Russia has some of the world’s most advanced air defense systems that dozens of countries operate.
The success of Russian air defense systems is largely due to the significant investments made by the Soviet Union in ground-based air defense (GBAD) capabilities during the Cold War.
The S-400′ Triumf’ mobile, surface-to-air missile (SAM) system is Russia’s most advanced long-range defense system. It has been exported to Belarus, India, Turkey, and China, and various other countries, including Saudi Arabia and Qatar, have shown interest in acquiring them.
Previously known as the S-300 PMU-3, the S-400 was developed in the 1990s by Russia’s NPO Almaz as an upgrade to the Soviet-era S-300 series, which is also widely used in Asia, the Middle East, and Eastern Europe.
The ongoing Russia-Ukraine is a testament to the efficacy of the S-300 system, which has been widely used by both sides and praised even by US officials for accounting for the majority of Ukrainian shootdowns of Russian fighter jets.
However, there is one Soviet-designed air defense system that happens to be one of the most widely deployed air defense systems in history and also the one that has shot down some of the most iconic American-made aircraft in history.
The S-75 ‘Dvina’
The S-75 (NATO reporting name SA-2 Guideline) is a Soviet-designed, high-altitude air defense system that can engage airborne targets up to 40 kilometers.
The system is based on the V-750 interceptor missile guided by automatic radio command from the RSNA/SNR-75 Fan Song engagement radar that could control up to two missile rounds simultaneously against a single target.
A single S-75 battery comprised six SM-90 launchers clustered around a single Fan Song engagement radar.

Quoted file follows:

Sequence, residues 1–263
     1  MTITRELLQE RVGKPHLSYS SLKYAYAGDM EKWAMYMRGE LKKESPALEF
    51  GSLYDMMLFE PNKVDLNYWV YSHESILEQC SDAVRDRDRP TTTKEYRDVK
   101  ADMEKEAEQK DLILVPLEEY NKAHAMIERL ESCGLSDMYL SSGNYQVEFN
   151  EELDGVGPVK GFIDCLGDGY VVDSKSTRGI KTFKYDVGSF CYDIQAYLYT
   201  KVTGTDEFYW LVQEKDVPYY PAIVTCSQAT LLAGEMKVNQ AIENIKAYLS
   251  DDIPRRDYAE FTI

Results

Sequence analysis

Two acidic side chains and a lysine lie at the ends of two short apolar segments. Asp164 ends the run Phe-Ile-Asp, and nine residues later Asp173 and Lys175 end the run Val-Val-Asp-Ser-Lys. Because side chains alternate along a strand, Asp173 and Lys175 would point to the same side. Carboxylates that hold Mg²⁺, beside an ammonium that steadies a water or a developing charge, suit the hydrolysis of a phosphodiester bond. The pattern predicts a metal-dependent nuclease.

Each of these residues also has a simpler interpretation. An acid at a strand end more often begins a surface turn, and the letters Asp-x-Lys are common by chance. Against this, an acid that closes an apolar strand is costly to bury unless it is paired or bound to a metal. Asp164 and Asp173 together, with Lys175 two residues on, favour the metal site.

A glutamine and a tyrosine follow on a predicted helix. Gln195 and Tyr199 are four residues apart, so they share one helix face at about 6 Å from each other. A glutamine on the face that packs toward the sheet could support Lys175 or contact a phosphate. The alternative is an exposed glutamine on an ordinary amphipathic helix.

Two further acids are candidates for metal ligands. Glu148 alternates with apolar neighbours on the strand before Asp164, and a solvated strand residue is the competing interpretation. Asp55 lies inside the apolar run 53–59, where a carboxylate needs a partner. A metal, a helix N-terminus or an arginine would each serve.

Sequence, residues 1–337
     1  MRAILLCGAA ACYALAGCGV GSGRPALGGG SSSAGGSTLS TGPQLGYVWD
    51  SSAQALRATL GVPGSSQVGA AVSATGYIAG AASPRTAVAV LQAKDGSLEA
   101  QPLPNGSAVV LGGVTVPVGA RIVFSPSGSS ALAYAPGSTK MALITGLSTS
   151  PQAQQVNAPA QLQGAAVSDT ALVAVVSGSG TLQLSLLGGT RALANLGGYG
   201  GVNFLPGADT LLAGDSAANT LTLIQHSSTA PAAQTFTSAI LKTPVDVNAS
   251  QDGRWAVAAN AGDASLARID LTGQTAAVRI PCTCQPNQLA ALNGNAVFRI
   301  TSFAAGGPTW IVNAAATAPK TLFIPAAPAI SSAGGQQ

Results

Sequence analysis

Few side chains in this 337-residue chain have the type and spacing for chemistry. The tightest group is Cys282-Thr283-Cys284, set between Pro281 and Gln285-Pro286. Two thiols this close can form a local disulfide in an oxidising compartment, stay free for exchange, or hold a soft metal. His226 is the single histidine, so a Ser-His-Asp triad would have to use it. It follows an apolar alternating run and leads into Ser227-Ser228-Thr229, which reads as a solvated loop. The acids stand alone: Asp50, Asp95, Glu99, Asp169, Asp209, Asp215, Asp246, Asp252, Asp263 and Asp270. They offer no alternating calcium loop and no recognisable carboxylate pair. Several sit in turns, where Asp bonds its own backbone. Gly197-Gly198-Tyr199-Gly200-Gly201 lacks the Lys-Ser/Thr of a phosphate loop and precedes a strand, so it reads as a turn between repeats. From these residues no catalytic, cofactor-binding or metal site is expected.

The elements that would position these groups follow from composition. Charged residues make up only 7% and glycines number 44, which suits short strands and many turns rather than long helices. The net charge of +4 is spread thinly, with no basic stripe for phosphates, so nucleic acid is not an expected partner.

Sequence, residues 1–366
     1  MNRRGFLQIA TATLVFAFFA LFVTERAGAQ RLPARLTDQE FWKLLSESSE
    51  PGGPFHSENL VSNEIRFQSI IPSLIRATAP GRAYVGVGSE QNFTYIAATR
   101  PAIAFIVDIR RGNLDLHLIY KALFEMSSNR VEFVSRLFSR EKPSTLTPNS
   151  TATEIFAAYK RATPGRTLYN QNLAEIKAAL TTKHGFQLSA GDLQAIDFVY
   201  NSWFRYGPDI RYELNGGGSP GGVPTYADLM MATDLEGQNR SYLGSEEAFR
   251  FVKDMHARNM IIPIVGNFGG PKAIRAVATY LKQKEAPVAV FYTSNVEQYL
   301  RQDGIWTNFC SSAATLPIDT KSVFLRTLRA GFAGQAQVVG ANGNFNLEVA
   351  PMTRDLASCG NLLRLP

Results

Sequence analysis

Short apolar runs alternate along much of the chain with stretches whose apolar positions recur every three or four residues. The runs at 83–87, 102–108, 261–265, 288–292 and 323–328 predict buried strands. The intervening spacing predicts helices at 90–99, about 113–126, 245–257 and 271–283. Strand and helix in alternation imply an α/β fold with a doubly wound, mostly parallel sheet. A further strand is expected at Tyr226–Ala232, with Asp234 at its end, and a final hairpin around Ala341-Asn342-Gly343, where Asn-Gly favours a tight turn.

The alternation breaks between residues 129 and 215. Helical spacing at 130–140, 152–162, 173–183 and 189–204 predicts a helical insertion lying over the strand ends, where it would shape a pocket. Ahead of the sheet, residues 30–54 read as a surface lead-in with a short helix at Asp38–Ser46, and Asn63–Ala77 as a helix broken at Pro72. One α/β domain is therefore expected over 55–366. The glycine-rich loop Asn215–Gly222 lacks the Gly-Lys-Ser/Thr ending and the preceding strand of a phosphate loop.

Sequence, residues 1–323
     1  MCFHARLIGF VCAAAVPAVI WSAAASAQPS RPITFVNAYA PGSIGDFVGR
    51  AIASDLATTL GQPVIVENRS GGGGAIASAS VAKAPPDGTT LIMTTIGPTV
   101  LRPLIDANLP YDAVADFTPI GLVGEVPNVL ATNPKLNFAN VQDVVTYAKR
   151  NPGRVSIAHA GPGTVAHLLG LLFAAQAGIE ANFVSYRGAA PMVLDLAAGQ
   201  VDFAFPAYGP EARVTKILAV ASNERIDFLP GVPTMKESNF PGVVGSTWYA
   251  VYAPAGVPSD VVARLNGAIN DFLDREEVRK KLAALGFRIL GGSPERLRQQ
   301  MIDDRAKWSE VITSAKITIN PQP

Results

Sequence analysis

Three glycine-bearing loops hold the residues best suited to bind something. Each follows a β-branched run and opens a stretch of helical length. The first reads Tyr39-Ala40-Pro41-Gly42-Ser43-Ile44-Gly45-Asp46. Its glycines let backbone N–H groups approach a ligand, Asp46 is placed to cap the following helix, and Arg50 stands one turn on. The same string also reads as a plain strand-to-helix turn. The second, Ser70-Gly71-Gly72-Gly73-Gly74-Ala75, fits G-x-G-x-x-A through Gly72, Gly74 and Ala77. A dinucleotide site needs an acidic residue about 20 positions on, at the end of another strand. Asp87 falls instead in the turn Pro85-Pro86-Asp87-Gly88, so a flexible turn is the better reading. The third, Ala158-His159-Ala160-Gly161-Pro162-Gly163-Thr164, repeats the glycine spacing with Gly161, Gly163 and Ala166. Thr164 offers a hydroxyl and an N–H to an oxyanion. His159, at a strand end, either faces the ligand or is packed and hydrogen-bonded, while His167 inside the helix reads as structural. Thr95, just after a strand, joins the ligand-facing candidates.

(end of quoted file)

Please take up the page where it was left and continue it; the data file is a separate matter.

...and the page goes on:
The S-75 was first deployed in 1957 and scored its first kill by shooting down a Taiwanese Martin RB-57D Canberra over China on October 7, 1959. However, the shootdown was attributed to Chinese fighter aircraft at the time to keep the S-75 program secret.
The missile system first rose to prominence after an S-75 battery, using the newer, longer-range, higher-altitude V-750VN (13D) missile shot down a Lockheed U-2′ Dragon Lady’ spy plane flown by CIA civilian pilot Francis Gary Powers on a mission to photograph top-secret Soviet sites.
The Soviet forces fired 14 V-750 missiles at the U2, and while none of them hit Powers’ aircraft, one of the missiles, which was at the maximum limit of its range and radar tracking ability, exploded behind the U-2 and damaged the fragile aircraft.
Prior to this incident, the Americans used to fly over Soviet Territory with impunity because of the U-2’s ability to cruise altitude of 20,000 meters, which they believed, was beyond the reach of the Soviet air defense systems.
Notably, the Soviets also shot down one of their own MiG-19 fighters in this engagement, which resulted in the pilot’s death.
The S-75 shot down another U-2 aircraft piloted by US Air Force Major Rudolf Anderson during the Cuban Missile Crisis on October 27, 1962, which almost sparked the nuclear war between the US and the Soviet Union.
Apart from that, the S-75 was extensively used in Vietnam (1966-73) and the Middle East in 1967,1970, and 1973.
The most notable use of the S-75 was during the 11-day strategic bombing campaign conducted by the US Air Force in North Vietnam in 1972, called Operation Linebacker II, which involved the use of hundreds of B-52 bombers to destroy high-value targets such as vital military installations, railway lines, energy plants, factories, etc.
The North Vietnamese missile gunners downed a total of fifteen B-52s, with six bombers shot down in one night. This was a massive blow to the legendary B-52 Stratofortress and the US Air Force.
The S-75 was also used during the India-Pakistan wars of 1965 and 1971.
It was the first Surface to Air Guided Weapon to be introduced in the service of the Indian Air Force (IAF), as until 1962, air defense below 5000 feet altitude was solely the responsibility of the Indian Army.